Great Drives: The Enchanted Circle

The Enchanted Circle sounds like the title for a young adult, fantasy novel where good witches battle evil ones, in an attempt to save their coven. The Enchanted Circle I’m talking about is definitely magical, but you won’t be burned at any stakes. The moniker belongs to a loop in Northern New Mexico that often earns a spot on scenic drives lists.

The route is 85 miles long and provides stunning views of alpine meadows, crisp streams, wildflowers, and wildlife such as birds and elk. Despite sticking my head out of the car window like a dog, I didn’t personally spot an elk. Lane offered to hold a pair of antlers over her head, but it wasn’t the same.

We began the drive from Taos, NM. As the road grew more remote we began placing bets on which of the many branches belonged to Julia Roberts. “Pull over,” I shrieked, nearly causing us to wreck. I leaped from the car before it was in park and plunged down a slope. It was my first opportunity to try out my river shoes— a purchase from REI that the salesperson claimed would enable me to hike and trot along swift-moving rivers without face-planting. Wading into the water, I began striding upstream, trying not to kick up silt in the clear water. Trees hugged each riverbank, forming a natural arch where they met in the middle. Patches of sunlight glinted through the gaps in the leaves, creating dappled patterns in the water. The shoes did as promised: I remained upright, if undignified.

I was persuaded back into the car and we continued our ascent. Pretty soon, the land flattened out into a lush, alpine meadow. Any moment, I expected to see Heidi skipping along beside us. Sadly, she proved as elusive as the elk. To our left, the white-crested summit of Wheeler Peak towered over us. A lot of people don’t realize that the Rockies start in Northern New Mexico. Wheeler Peak soars to 13,161 feet and is the tallest mountain in the state. You can score bragging rights by hiking to the summit. Choose between two hiking trails (Bull-of-the-Woods or Williams Lake) but, if that’s your main goal in visiting the area, it’s best to drive the Enchanted Circle in a clockwise direction, as both trailheads are accessible via Taos Ski Valley.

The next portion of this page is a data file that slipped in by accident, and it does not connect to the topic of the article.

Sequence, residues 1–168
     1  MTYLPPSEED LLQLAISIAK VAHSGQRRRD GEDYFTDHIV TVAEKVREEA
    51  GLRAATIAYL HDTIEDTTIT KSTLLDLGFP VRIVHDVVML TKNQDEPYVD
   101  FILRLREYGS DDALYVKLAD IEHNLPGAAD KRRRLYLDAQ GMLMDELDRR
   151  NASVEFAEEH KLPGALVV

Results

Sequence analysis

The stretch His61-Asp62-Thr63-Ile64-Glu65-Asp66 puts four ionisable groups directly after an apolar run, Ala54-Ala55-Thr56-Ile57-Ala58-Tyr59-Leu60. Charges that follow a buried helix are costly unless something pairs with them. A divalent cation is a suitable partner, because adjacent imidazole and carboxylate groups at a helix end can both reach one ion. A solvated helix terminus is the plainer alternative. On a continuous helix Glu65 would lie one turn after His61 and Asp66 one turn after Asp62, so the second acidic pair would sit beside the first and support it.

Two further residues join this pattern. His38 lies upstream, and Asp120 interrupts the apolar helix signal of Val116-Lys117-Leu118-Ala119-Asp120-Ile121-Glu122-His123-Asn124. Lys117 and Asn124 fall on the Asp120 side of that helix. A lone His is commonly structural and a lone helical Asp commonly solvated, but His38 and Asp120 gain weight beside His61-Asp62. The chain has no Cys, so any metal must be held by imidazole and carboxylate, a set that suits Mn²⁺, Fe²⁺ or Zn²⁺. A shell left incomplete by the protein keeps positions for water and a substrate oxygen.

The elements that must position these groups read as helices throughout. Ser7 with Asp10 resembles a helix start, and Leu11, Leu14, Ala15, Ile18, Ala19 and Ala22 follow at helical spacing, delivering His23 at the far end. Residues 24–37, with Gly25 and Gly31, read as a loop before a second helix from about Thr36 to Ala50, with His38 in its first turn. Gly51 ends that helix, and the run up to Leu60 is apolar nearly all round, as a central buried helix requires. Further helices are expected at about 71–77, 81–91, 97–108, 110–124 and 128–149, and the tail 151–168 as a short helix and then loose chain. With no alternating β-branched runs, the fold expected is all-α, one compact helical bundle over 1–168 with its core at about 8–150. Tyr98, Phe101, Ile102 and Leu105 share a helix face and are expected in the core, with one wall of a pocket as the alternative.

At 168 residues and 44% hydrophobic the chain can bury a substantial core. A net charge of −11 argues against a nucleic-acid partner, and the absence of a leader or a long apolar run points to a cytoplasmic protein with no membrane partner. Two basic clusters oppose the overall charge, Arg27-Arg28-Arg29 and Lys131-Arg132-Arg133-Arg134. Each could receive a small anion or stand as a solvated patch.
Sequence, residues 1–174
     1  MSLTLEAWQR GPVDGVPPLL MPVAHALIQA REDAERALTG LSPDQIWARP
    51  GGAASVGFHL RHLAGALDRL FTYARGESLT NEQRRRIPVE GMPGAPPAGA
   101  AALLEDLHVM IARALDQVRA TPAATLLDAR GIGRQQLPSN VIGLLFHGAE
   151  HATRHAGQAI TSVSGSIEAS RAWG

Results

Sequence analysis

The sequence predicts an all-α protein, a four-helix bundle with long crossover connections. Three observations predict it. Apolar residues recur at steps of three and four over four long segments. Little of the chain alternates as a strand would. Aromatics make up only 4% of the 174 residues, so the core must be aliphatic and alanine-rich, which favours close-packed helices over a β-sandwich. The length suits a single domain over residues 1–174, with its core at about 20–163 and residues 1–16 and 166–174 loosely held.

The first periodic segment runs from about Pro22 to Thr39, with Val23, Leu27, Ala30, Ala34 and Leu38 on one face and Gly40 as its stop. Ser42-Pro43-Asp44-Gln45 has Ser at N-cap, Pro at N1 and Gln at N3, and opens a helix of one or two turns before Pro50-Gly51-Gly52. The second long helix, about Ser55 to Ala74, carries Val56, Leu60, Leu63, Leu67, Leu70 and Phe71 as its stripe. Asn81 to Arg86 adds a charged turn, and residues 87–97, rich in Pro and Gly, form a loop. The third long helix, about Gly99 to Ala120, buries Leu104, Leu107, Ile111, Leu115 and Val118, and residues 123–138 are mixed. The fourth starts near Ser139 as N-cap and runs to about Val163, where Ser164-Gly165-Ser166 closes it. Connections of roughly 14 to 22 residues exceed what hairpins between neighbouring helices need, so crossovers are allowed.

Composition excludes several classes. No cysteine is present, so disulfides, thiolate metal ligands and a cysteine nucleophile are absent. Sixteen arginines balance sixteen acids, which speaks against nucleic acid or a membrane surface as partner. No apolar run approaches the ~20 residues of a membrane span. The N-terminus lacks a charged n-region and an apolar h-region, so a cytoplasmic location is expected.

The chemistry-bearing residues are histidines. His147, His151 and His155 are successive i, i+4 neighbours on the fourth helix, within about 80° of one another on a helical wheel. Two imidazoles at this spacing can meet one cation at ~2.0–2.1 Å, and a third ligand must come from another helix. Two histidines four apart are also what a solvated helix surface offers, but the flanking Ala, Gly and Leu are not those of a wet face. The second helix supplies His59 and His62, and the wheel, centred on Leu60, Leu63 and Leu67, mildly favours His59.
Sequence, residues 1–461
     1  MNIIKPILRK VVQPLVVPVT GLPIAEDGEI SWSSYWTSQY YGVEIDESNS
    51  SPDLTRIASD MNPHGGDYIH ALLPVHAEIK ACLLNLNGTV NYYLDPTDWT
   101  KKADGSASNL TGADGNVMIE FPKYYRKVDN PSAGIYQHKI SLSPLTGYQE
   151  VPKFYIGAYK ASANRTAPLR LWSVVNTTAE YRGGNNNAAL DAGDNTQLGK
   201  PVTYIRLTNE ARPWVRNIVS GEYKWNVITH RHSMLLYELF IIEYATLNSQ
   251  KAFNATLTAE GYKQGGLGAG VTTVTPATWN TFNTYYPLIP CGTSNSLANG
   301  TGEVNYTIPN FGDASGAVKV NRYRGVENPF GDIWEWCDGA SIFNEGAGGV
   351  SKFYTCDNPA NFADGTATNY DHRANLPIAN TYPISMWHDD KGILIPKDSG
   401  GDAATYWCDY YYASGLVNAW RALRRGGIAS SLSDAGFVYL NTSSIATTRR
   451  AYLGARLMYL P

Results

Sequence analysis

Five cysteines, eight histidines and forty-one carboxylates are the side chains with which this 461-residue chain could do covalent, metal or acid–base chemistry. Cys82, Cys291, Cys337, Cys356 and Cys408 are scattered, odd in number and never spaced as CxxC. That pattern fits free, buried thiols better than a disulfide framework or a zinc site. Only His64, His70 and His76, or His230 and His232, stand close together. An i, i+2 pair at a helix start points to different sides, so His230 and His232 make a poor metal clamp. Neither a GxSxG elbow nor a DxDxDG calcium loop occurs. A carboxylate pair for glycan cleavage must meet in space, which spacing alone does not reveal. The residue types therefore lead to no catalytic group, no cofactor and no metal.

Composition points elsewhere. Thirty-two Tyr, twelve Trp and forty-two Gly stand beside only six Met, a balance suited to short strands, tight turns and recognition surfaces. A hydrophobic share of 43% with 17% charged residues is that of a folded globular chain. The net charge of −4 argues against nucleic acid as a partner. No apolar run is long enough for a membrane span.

The Enchanted Circle is also great for skiers. A short detour onto the 434 takes you straight to Angel Fire. Aside from having an awesome name, the town offers a plethora of winter activities, including night skiing, ice fishing, sledding, snowmobiling and sleigh rides. Wait, sleigh rides? Guess that solves the mystery of the AWOL elk. Angel Fire receives an average of 210 inches of snow per year, which probably means something to those of you coordinated enough to strap a wooden board or two onto your feet and avoid death.

The next stop on the circle is Eagle Nest Lake, situated in the Moreno Valley. Lane got an evil gleam in her eye and suggested I test out my river shoes in the lake. The dark, blue water looked inviting, so I scampered along a dirt path, ran in up to my knees then screamed. Ever camped out in a freezer? Me either, but I suspect the temperature would be comparable. Lane was gasping with hysterics when I staggered back to the car. I hoped one of the Eagles that gave the town and lake their names would divebomb her, but there’s never an eagle around when you need one. However, there are plenty of fish in the 2,400-acre Eagle Nest Lake, which is renowned for its rainbow trout and kokanee salmon. You can fish from the warmth of the lake’s banks or rent a boat in the village of Eagle Nest. Allegedly there are frequent sightings of bear, mule deer, eagles, wild turkeys and those devious elk around the lake.